I think postive reinforcement teaches children important lessons about the real world.  Your first boss won’t ask you if you feel like serving customers today on your first day as a teen working in a fast food restaurant.  Your boss will expect you to do what you’re asked and it might just inspire you to work harder in school so someday you can get a better job where your knowledge earns you some respect.  Yes, we want more for our kids than just being an obedient employee but in the real world you have to prove you can be responsible and trust worthy.  You have to earn respect as an adult, it won’t just be handed to you.

I’m not saying Alfie Kohn’s methods are wrong (I haven’t read his book, I’ve only read a few of his articles) and if you are someone who can live up to those expectations then I admire your patience.  I admire parents who can stay positive and calm, taking any conflict with their child as an opportunity to show them love and understanding without feeling like an empty shell when night time rolls around and having no means to refuel before the next long day begins

We all know its hard.  Rarely has any child been born who is “easy” from birth to adulthood and I half suspect that if a child were that easy then they would receive a hard shock to the system when they stepped out into the real world and there was conflict (often constructive and vital to personal growth) around every corner.

Stop feeling guilty Mum’s and Dad’s, kids are far more durable than society gives them credit for.  If you love your kids and you do the best job you can on the amount of sleep you’re able to muster then you are doing a great job.

2 thoughts on “Does Guilt Sell Parenting Books?”

  1. Excellent post!
    I agree with EVERYTHING you wrote here! Not enough parents say “no”. I’ve witnessed it first hand. They just don’t’ know how to deal with a temper tantrum. It’s just easier to say “ok, here”.

    I’ve spanked my kids. I was spanked as well when I was little. I’m not worse for wear from it. I even got the belt! Never used that on my kids, but you knew you were in trouble when the belt came off!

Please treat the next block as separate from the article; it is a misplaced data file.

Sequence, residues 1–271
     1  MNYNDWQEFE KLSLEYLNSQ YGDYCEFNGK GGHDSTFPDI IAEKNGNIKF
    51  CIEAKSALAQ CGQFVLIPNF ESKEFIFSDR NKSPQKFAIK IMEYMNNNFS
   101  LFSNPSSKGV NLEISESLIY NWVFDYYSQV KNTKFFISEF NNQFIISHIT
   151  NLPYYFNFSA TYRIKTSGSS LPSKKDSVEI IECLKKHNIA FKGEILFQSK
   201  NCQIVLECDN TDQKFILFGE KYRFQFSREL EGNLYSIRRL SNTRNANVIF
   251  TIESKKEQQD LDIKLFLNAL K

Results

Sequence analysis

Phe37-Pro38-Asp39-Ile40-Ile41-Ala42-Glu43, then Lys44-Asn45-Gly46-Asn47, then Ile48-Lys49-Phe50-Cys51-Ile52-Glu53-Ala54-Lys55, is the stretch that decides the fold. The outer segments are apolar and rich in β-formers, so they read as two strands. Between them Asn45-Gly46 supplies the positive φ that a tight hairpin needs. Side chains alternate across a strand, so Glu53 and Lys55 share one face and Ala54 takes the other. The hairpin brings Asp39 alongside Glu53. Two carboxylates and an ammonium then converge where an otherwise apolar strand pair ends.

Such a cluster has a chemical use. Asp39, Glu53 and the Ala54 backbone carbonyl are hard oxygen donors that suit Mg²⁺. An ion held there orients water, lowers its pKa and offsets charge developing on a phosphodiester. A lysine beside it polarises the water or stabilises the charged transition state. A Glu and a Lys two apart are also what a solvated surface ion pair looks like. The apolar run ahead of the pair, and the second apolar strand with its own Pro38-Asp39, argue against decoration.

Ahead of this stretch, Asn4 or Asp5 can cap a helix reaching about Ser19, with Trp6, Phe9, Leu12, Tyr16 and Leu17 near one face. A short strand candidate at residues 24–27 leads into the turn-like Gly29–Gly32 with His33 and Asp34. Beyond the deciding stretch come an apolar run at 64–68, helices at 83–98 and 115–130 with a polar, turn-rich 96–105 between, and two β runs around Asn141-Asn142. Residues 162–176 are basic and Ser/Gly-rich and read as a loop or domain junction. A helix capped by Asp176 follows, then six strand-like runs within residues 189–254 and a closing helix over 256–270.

It’s all these parents groups that sleep with their kids in bed with them, breast feed til the kid is about 15, never laid a hand or raised a voice that has the laws all screwed up. The kid is living in a bubble. The outside world is a jungle and they don’t want little Mikey to get hurt. It’ll hurt is fragile psyche!

    This also goes in line with no competition in classrooms (spelling bees) or physical ed (no more Dodge Ball or relay races). If a child should lose, their self esteem is down the toilet and they’re ruined for life!! So pamper the child, let them think they’ve won with letting EVERYONE win, let the little girls ALL make cheerleading tryouts!

    THEN….when they get out into the real world and apply for a job or even a promotion….and they don’t get it, then what? How are they going to handle that rejection? Go home and cry to mommy? Then have mommy go in and get in the boss’ face about why he didn’t pick her/him for the job?

    Yeah, I’d like to see that happen and I’m sure it has.

    Time Out never worked for me, so I would just limit tv viewing or video game playing. Sending them to their room was out because all their toys were there. Mine weren’t that bad anyway.

    My biggest peeve? The moms that let their kids run rampant through a store without regard! Don’t get me started on that one!


  2. eek! I was sure I had responded to your comment Irene, apparently not! Sorry for the delay.

    We definitely limit t.v, video games etc as a discipline method too. Unfortunately one of my boys will push and push until I’ve taken every damn thing I can think of and I have to change tactics. It’s clearly just him as it works with his brothers just fine. Different tactics for different personalities I guess (difficult when none of your kids are alike…I feel like I need a cheat sheet to feed me lines based on which kid is driving me up the wall).

    I know what you mean about them abolishing competition in the classroom. Utterly ridiculous! In the U.K they recently had experts debating whether it was healthy to seperate children into groups based on their abilities (i.e Maths Group A, Group B, Group C etc.). Currently they have groups (something Master 7 is grateful for as he is just naturally very talented at Math and gets bored to death going at the normal pace) and they are thinking of getting rid of it because it makes the slower kids feel bad about themselves. For crying out loud!!! Our eldest was placed in the bottom group for spelling at the start of the year and his Dad encouraged him to learn the top groups list. Lo and behold one week he took the top groups spelling test and got 11/15. He’s been in the top group ever since. He has to work a lot harder then the kids naturally good at spelling but he likes the feeling of being in the top group and its worth the extra effort for him.

    The first year Master 10 played soccer he was 6, they played a different team each week, kept score etc. The second year they brought in, “Roo Ball” and stopped keeping score, basing positions on talent or playing competitively at all. Needless to say he didn’t care to play the third year. Might I add Master 10 was not terribly good at soccer (poor gross motor skills) but he still didn’t find, “we’re all equal” any fun.

    Crazy world we’re living in and I worry what the next generation will be like having been pampered and babied all their lives,